Truly believing Clo had only weeks to live, I am grateful that she has rallied forth a bit and is home from the hospital. This morning she showered, dressed beautifully, watered the garden, and went shopping with her sisters. Tonight she is tired of course.
I am enormously grateful to her sisters Marie and Louise for being here and helping with some of the responsibility, to say nothing of all of the cooking. How marvellous it is to have family, hers and mine. Again, we are so fortunate.
I am learning huge lessons from being in a relationship with a partner who is dying of cancer. There are ups and downs, uncertainty, and oh so very much kindness. I think she is dying. She says not yet. I am glad! I get scared. I feel relieved. I carry exhaustion and uncertainty as a constant companion. I have learned to know the feeling of the sacred moments of honoring her as she transitions into whatever it is she has in mind for what comes next. I have learned to forgive myself when I feel overwhelmed and tired of it all. Did I REALLY sign up for this? Maybe. Probably. Even if I didn’t, sometimes life delivers things we don’t think we are prepared for. We gallop fast to learn how to do the job, hopefully with panache. When the unexpected and unwanted happens we can choose to shy away from the challenge and allow our fear to control us. Or, we can call ourselves to action and learn and grow and overcome even those things that feel insurmountable.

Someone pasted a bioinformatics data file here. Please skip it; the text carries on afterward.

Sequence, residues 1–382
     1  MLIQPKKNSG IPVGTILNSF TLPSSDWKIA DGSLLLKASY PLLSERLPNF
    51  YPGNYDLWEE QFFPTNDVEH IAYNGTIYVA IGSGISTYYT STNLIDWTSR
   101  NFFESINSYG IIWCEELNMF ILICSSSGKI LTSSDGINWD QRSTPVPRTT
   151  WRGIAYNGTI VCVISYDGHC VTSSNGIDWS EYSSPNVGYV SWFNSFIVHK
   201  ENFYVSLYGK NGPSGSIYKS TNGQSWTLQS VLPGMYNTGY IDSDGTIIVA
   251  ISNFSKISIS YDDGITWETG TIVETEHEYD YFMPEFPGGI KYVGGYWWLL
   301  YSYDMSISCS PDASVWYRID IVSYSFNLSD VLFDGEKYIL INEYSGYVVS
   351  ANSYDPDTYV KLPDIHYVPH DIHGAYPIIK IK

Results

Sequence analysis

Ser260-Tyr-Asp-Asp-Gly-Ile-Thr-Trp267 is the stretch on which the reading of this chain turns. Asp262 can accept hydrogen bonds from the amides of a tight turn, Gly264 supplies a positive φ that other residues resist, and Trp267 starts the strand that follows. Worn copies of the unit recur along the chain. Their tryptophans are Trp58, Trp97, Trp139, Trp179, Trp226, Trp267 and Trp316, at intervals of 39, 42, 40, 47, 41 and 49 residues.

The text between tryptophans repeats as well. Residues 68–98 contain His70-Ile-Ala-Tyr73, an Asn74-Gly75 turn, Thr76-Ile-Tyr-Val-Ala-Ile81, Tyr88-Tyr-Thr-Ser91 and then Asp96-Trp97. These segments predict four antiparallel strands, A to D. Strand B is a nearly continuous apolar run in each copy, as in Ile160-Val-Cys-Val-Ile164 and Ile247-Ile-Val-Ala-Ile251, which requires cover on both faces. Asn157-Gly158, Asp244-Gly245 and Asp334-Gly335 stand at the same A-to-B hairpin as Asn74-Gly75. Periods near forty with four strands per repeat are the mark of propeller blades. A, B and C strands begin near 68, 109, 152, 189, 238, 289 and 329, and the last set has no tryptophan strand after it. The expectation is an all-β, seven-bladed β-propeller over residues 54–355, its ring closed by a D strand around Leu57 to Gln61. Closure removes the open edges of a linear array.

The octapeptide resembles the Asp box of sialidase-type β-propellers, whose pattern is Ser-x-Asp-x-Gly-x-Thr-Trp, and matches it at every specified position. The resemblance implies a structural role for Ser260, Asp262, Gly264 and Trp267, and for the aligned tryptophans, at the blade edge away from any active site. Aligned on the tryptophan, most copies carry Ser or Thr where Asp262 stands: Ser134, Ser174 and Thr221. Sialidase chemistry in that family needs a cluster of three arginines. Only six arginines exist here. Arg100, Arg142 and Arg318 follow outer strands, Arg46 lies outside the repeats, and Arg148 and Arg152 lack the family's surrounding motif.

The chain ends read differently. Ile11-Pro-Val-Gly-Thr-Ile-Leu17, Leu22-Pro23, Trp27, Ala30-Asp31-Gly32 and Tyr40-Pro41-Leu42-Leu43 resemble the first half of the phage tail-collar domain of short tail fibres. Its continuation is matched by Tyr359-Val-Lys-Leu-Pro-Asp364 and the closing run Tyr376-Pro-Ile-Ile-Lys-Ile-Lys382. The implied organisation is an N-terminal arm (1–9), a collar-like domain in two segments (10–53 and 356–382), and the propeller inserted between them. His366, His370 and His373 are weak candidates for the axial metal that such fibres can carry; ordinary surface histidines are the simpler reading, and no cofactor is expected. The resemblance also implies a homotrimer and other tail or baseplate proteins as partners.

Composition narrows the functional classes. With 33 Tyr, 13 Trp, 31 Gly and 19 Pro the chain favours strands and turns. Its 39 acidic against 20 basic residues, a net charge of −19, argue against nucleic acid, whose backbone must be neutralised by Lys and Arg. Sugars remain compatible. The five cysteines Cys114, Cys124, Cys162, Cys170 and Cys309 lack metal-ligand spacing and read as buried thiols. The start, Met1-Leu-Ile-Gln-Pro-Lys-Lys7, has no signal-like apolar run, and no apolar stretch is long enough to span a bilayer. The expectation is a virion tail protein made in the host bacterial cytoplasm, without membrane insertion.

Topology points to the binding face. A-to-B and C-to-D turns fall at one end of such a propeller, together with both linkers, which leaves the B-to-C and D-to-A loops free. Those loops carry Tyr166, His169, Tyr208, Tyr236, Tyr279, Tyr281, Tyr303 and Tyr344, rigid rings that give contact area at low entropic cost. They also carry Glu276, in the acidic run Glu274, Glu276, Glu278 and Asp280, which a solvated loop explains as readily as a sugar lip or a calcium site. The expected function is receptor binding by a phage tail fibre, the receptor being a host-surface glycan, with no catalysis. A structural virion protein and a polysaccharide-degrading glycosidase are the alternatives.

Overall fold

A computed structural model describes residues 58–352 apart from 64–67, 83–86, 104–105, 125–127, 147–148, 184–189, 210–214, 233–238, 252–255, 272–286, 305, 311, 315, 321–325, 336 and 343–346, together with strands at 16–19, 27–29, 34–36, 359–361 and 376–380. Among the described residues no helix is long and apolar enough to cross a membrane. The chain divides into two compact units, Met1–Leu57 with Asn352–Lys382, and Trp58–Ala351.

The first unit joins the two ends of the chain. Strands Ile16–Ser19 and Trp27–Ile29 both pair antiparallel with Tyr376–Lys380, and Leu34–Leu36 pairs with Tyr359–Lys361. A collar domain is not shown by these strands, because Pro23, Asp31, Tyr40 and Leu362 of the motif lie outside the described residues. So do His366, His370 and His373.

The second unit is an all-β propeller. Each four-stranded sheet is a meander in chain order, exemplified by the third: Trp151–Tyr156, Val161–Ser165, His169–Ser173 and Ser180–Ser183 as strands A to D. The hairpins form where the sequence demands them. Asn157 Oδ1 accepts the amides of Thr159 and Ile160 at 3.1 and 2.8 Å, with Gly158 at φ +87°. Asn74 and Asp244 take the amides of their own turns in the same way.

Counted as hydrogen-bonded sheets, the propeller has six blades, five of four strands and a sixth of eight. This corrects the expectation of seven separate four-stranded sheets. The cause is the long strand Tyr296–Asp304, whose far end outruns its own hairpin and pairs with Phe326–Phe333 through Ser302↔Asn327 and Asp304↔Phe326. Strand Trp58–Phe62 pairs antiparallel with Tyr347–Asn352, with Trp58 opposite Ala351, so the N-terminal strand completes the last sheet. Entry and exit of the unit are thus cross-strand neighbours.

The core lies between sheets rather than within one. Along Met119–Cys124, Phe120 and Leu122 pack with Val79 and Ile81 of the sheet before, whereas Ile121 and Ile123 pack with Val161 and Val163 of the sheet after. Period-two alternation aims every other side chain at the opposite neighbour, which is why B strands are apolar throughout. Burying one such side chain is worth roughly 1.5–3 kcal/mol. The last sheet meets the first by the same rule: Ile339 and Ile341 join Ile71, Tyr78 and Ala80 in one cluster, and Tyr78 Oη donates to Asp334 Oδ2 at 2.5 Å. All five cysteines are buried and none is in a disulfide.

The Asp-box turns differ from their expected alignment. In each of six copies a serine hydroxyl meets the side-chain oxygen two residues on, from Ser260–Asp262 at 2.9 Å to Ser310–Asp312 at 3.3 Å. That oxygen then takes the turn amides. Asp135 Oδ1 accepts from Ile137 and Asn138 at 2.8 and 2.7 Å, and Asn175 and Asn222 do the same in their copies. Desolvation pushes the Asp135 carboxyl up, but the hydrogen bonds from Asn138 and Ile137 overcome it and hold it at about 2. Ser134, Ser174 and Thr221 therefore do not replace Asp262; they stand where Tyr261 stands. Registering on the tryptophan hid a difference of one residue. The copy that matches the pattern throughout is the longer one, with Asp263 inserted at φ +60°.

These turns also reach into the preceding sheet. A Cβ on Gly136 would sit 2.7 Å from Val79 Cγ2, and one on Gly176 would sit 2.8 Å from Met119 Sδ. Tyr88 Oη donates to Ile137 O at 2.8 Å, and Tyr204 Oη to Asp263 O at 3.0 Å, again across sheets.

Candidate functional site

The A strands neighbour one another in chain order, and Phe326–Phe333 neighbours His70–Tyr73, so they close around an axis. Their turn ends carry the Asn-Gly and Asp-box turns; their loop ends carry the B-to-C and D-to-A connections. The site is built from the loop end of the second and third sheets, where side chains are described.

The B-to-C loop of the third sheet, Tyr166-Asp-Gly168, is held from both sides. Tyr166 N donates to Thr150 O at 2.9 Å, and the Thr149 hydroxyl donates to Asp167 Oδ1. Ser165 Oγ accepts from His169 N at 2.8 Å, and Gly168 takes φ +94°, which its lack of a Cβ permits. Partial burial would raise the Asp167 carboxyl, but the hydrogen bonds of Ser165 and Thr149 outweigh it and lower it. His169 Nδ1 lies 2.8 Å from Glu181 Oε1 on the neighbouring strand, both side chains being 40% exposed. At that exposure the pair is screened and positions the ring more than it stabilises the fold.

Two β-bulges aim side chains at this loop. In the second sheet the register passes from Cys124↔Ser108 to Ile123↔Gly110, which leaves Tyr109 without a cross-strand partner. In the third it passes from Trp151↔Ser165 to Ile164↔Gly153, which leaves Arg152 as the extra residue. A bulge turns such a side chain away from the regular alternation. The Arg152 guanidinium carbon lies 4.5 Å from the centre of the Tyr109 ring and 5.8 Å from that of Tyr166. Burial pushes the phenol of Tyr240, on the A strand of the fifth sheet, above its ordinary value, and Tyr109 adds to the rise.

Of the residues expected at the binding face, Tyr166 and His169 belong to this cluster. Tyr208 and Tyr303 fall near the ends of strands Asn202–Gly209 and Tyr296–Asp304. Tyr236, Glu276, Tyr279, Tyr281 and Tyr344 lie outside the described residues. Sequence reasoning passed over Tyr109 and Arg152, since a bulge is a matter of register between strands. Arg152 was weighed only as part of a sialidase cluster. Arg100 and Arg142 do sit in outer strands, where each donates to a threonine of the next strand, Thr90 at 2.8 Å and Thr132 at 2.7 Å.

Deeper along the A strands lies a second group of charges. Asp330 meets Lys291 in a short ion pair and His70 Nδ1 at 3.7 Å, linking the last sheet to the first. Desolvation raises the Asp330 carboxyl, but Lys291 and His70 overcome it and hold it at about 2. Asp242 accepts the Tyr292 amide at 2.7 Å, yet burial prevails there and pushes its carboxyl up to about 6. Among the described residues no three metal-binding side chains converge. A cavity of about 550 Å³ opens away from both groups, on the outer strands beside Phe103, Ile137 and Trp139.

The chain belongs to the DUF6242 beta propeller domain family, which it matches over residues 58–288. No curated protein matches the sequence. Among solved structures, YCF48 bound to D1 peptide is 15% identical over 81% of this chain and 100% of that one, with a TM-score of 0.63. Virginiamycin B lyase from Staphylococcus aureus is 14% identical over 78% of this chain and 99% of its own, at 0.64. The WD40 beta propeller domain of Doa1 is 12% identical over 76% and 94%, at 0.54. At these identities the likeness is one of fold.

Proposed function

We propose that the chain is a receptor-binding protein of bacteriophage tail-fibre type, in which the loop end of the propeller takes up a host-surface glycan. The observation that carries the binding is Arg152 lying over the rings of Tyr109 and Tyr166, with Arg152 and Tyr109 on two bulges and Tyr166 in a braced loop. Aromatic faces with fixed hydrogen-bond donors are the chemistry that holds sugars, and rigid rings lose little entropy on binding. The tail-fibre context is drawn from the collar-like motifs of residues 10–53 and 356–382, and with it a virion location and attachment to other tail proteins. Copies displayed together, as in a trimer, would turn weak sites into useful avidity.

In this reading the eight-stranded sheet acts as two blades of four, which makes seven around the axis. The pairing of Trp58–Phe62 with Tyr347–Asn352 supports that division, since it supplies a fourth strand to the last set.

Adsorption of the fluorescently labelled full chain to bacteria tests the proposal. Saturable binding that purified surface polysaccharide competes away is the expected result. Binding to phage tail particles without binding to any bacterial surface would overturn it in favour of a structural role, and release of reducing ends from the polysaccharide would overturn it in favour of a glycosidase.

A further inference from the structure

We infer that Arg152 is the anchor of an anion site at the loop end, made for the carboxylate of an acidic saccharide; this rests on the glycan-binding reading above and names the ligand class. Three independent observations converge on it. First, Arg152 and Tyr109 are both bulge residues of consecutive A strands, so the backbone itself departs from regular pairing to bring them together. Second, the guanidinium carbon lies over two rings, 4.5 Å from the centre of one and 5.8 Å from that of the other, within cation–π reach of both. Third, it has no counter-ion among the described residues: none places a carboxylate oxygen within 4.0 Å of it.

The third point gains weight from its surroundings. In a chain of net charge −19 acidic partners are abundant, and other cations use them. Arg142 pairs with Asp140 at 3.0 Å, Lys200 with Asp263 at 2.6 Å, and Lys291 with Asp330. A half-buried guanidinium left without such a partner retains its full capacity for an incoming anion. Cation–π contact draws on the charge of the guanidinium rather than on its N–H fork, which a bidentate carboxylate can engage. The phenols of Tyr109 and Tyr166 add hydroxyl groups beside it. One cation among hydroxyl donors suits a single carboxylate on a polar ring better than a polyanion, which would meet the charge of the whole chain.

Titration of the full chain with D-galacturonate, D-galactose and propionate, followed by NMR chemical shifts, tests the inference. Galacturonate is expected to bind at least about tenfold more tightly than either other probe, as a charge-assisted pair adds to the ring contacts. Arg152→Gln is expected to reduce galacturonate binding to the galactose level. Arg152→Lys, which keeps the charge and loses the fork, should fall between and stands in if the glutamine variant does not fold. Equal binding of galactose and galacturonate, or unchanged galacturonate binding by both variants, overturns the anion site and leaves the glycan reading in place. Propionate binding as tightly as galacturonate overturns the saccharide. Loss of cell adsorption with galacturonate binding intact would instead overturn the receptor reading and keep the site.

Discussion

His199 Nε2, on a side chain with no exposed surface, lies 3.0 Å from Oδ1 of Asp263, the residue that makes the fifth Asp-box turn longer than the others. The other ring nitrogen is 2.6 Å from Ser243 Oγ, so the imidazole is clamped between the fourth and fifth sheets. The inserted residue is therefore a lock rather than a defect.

It sometimes feels like a gut clutching roller coaster ride to witness the swiftness with which Clo can go from total fatigue to amazing energy. I send out the word that she is languishing in bed, has not gotten up or even eaten. And the next think I see is she is in the garden and THEN goes shopping. Sometimes I think I am telling lies when I see her not doing well. Other times I have great respect for the effort I know it has taken her to come forth and join life again for a while. I find myself wanting to shout, “Stop. You are doing too much. You can’t do that.” But I pull back and realize it is about me not her. I am afraid she can never again do the gardening and the shopping and the cooking she so loves to do. When I see her doing just that, I weep again knowing it won’t last long enough.